The demand for organic products has heightened in recent years, bringing many farmers to
consider organic farming. With the increased awareness of what consumers put in their body, there is money to be made by farmers as the demand increases and the supply struggles to meet the demand.
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As with any type of farming, though, there are pros and cons to organic farming. Keep reading to learn both sides to help you decide if it’s right for you.
The Benefits of Organic Farming
There are many benefits farmers realize from organic farming, including:
- Create a healthier environment for farmers – We tend to focus on the health benefit of organic products for the end consumer, but let’s not forget about the farmer. Without the use of toxic chemicals, farmers are at decreased risk of health issues as a result of chemical exposure. While there aren’t diseases directly linked with the toxic chemicals, there are certain assumptions and tie-ins that do lead to this belief.
- Support healthier soil – If there’s one struggle most farmers have, it’s keeping the soil healthy. Without the use of harmful chemicals, the soil has a better chance of staying healthy. If farmers have healthier soil, they have more productive crops, which means more money down the road for them. It also means healthier crops which is good for the farmer and end consumer.
- Grow more flavorful crops –Without the use of chemicals, the fruits and vegetables that you grow will naturally be more flavorful. This could work to your benefit as you start selling the crops and word gets around about the quality and taste of the product that you supply.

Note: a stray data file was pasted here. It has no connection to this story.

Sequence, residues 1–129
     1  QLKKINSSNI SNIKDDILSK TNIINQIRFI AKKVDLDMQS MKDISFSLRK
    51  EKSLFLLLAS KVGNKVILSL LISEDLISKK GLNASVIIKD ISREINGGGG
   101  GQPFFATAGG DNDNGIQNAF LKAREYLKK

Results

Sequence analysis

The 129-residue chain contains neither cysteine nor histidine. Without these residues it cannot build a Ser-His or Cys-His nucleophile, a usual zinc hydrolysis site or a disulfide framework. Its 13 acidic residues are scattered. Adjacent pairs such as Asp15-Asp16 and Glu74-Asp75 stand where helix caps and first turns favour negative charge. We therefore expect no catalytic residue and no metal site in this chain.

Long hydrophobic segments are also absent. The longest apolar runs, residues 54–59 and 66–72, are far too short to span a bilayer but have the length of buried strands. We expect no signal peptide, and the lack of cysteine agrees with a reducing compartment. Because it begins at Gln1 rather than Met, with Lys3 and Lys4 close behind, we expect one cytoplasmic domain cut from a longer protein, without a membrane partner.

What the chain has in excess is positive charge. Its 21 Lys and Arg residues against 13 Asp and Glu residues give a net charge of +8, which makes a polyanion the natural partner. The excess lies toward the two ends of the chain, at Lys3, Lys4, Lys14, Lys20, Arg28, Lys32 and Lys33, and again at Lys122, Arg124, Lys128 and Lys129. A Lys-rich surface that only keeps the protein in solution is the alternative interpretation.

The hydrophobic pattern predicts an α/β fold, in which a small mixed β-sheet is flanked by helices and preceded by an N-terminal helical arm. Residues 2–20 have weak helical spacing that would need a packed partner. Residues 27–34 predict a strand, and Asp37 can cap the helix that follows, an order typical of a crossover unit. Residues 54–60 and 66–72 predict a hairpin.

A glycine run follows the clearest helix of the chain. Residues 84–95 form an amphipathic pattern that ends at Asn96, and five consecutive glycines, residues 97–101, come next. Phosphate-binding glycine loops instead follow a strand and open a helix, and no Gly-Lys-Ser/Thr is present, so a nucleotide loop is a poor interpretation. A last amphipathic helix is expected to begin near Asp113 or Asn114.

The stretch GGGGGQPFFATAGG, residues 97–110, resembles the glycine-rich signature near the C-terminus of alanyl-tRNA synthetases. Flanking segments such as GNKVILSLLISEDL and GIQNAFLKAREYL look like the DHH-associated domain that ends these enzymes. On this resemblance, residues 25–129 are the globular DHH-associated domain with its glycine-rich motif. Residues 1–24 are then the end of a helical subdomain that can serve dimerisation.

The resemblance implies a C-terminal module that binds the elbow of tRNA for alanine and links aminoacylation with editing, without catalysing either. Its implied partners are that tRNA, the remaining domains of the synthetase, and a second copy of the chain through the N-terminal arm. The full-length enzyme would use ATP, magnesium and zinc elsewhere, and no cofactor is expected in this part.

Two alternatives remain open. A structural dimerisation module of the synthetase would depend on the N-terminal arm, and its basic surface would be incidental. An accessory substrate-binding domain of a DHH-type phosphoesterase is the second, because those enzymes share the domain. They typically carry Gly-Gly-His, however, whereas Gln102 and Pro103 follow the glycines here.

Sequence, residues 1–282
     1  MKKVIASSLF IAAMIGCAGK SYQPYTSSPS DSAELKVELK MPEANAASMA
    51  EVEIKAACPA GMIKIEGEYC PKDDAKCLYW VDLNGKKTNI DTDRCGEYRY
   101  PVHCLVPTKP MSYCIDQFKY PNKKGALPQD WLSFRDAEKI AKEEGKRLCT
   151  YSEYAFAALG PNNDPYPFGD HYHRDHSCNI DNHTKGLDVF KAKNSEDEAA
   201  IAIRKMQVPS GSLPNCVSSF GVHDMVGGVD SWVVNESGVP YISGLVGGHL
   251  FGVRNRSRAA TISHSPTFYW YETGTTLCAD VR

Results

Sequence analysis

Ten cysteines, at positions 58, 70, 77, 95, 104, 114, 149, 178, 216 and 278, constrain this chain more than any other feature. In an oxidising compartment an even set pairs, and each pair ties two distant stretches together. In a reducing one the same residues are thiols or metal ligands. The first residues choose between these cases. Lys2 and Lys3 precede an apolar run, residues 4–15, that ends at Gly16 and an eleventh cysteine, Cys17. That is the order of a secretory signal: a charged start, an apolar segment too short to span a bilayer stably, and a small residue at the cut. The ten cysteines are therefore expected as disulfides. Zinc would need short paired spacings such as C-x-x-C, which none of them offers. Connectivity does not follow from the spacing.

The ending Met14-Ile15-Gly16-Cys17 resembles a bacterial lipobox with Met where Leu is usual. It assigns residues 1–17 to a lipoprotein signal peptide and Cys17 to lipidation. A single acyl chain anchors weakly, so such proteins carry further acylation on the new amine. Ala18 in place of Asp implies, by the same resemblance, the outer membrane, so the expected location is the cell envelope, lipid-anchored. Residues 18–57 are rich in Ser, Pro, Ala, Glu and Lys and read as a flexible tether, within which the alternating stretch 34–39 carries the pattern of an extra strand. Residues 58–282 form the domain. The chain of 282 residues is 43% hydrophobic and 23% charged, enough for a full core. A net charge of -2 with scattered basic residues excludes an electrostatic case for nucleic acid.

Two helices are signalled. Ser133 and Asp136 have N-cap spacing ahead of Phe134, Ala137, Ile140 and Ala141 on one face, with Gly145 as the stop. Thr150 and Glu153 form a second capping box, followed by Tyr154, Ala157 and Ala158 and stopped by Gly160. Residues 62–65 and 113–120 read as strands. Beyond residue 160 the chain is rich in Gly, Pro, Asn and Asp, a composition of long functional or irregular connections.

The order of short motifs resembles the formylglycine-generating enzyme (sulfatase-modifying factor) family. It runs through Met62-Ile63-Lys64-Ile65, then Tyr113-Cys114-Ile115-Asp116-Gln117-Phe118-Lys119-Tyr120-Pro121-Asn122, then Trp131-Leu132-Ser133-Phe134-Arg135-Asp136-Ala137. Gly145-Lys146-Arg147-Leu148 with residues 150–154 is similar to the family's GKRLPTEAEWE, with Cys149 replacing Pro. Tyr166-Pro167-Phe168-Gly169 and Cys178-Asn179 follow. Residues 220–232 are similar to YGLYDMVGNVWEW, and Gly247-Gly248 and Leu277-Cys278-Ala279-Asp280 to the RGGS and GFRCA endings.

- Offer a greater selection of crops – Organic farming affords farmers the opportunity to offer a bigger selection of crops because they don’t need to grow corn and soybeans, both of which bring in much lower profits than the unique crops that organic consumers seek.
- Less disease – If your soil is healthy, you run a lower risk of your crops contracting a disease. This can lower your cost of operation and increase your profits because your soil will require less maintenance and/or repair.
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The Downside of Organic Farming
As always, there is a negative side even of something that seems an exception. The downsides of organic farming include:
- It’s costly – Many streamline farmers are privy to subsidies when disaster strikes their farm. The government often steps in and provides the funds the farmer lost. There is no such subsidy for organic farmers, which puts you at risk for financial loss if disaster strikes.
- You’ll work harder – Organic farming is hard work. Without the help of the synthetic chemicals, there is often more weeding and general labor involved. With a little research, you may come up with ways to naturally manage weeds and other pests, but prepare yourself for more work than traditional farms would need.
- You’ll need more education – Organic farming is a specialty that requires special education. It’s not a process you can just adopt and use. You have to know the ins and outs of properly managing fragile crops that would otherwise thrive under the use of chemicals. You take the place of the chemicals, which means the necessity to know what you are doing.
- Becoming certified is hard – It’s not easy to become a
certified organic farmer. Expect a lot of paperwork, inspections, and time. You’ll need patience, education, and the drive to push through the red tap to get yourself certified.
Being an organic farmer definitely has its benefits. Even weighing the downsides into the process, you can make a good living at this way of life as long as you put in the work necessary to get there. It’s not a decision to make lightly, but it could be a decision with fruitful benefits.
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